Competition among online brokers is fierce, which means costs are coming down and services are being ramped up. However, with so much demand for online brokers, we’re seeing more new firms enter the space, hoping to capitalize on the surge in retail investors. That can make it especially hard for investors to find a broker that's the right fit for them.
So how do you choose the right stockbroker for you? There are a lot of factors to consider, and the decision will likely come down to individual priorities. Some investors are willing to pay higher trade commissions for a state-of-the-art platform; others count costs above all else. Some may want to stick with the largest financial institutions with heavy name recognition; others may be more interested in sifting through the smaller brokers to find the perfect fit for them.
Assets, fees, platform features, and security are some key considerations.
Range of Markets
You should already have ruled out any stockbroker that don’t allow you to trade the securities you’re interested in. Make sure their platform and apps automatically allow you to trade preferred shares, IPOs, options, futures, or fixed-income securities. If you don’t see particular security on the platform, but you know that the brokerage supports it, try looking in your account settings, or doing a quick search, to see how you can activate those features and learn about permission requirements.
There are 60 major global stock exchanges that range in size and trading volume – from the New York Stock Exchange, NASDAQ, Euronext or Deutsche Boerse to tiny local exchanges.
The best stockbrokers should provide access to the top stock exchanges in the world and include in its offering a wide range of stocks and funds to choose from.
Margin and fractional investing
A good choice is to work with a stockbroker that offers a wide variety of markets to trade on, including derivatives on indices, stocks, or ETFs to speculate during falling prices and market downturns or hedge an existing portfolio.
Another top feature to look for is fractional shares, which let investors purchase stock or ETFs by the dollar amount, rather than by the number of shares. This is especially helpful for investors who don’t have much money to invest but want to build a diversified portfolio or are looking to set up a dollar-cost averaging strategy.
With CAPEX.com you can pick from over 5000 different companies and exchange-traded-funds from 10 major exchanges worldwide and hold their shares for as long as you like until you decide to sell. Additionally, there are over 2,000+ CFDs on stocks (including fractional shares of blue-cheap stocks) indices, ETFs, and other asset classes to choose from.
Regulation and Trust
There’s a wide range of stockbrokers out there. Some have been around for decades, while others are relatively new to the scene. That doesn’t mean these newcomers are untrustworthy if they’re regulated by a trustworthy authority.
Within the EU, you can look for brokers who are authorized and regulated for example by the Cyprus Securities and Exchange Commission. Today, there are many trading websites, and very often these sites have regulations that are not very rigorous, or they are not regulated at all.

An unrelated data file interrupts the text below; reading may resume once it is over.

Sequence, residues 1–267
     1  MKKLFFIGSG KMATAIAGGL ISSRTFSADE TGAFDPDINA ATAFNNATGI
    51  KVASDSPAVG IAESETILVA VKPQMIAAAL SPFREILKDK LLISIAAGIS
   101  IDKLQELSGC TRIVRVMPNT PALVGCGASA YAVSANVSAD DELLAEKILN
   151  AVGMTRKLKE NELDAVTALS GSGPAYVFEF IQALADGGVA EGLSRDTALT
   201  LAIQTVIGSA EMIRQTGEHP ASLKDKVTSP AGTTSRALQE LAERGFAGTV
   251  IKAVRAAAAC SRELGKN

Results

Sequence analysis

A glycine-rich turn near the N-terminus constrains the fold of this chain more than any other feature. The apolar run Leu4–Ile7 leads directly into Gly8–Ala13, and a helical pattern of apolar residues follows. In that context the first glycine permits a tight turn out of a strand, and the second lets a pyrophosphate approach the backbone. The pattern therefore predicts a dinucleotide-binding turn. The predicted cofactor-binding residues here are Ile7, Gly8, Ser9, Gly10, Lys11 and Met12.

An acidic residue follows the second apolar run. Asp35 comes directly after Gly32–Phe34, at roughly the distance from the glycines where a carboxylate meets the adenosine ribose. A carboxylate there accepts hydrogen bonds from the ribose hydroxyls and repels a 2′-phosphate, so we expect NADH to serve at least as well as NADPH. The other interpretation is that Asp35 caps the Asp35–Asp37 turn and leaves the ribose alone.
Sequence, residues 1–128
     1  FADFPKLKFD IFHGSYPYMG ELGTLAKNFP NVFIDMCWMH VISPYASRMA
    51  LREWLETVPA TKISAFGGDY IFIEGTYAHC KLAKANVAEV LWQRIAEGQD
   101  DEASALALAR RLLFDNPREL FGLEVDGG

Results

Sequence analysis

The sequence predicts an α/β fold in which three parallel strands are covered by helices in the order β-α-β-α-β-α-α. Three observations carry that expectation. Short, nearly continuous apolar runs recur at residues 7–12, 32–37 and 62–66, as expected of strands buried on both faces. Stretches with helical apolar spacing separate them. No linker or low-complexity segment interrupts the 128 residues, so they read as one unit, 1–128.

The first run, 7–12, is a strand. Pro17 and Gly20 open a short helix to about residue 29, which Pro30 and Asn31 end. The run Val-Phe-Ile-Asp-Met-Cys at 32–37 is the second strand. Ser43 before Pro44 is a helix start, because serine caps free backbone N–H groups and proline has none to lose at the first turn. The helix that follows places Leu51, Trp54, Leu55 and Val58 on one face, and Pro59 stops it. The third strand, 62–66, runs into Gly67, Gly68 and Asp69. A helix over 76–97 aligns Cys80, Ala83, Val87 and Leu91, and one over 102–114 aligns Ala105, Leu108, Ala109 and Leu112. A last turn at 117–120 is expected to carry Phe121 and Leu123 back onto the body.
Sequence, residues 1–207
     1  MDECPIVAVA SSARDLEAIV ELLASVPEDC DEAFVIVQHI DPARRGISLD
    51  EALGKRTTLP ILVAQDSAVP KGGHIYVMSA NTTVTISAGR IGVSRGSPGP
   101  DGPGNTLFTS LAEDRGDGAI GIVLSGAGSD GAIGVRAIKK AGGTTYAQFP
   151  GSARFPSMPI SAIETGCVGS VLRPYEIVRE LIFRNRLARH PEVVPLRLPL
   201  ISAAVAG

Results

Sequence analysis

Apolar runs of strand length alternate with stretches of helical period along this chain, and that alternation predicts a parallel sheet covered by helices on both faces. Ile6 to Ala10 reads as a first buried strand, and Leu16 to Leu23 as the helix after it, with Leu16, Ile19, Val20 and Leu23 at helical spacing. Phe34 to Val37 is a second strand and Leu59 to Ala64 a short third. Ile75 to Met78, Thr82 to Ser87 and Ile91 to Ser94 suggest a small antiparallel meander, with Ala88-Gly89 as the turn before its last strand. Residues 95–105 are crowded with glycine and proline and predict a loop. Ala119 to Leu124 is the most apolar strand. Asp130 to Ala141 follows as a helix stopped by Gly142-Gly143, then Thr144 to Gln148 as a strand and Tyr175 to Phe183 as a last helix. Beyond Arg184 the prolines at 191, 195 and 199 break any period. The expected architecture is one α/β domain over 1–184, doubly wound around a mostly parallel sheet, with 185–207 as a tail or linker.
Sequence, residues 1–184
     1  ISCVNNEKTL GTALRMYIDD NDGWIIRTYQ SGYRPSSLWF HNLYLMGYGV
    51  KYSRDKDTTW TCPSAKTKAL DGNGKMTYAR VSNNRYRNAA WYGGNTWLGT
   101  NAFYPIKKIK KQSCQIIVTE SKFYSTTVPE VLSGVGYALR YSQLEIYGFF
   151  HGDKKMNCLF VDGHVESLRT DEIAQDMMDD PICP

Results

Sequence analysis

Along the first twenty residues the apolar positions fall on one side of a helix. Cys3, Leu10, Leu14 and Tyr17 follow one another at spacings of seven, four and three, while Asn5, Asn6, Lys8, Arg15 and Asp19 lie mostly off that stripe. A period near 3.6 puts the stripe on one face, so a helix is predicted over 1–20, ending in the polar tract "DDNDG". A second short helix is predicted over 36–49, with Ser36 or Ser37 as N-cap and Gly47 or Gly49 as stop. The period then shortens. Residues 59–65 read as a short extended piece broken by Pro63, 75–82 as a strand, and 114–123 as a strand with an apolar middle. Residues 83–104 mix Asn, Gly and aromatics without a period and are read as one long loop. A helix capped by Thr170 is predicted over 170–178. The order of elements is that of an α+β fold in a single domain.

CySEC is one of the stricter European authorities in regulation, and every broker under their compliance has that certification displayed at the forefront of their website.
If a stockbroker is regulated, they will state this on their website, along with the license number they hold with that regulator. This more detailed type of information will most commonly be found in the 'about us' section, as well as in the website footer. Note that there are different regulatory bodies in different regions, so a good rule of thumb is to ensure that the stockbroker you are considering is authorized and regulated by the regulator in their regions of operation.
If you are looking for the best stockbrokers online, a professional-looking website does not guarantee that the broker is a trusted one. A major advantage of a regulated stockbroker is the compensation scheme, a system that guarantees its customers' funds within a maximum limit, should the broker go bankrupt.
For example, the purpose of the Investor Compensation Fund (ICF) is to secure the claims of covered clients against the ICF members through the payment of compensation, if the necessary preconditions are fulfilled. The ICF pays compensation of up to 20,000.00 EUR to a covered client If the member is not able to return the funds to the client.
Here you can find more details about CAPEX.com regulations and the financial authorities that we are registered, authorized, and licensed.
Financial Security and Account Protection
Segregation applied to the securities industry requires that customer assets and investments that are held by a broker or other financial institution are kept separate—or segregated—from the broker or financial institution's assets. This is referred to as security segregation.
At CAPEX.com, in accordance with CySEC rules, all client money is kept fully segregated from our own assets in a regulated credit institution within the EU. This ensures that clients’ funds are available to them at all times, and cannot be used by us under any circumstances. These arrangements are checked and verified by our auditors.
Commissions and payments
Stockbrokers generally offer a similar menu of investment options: individual stocks, options, mutual funds, exchange-traded funds, and bonds.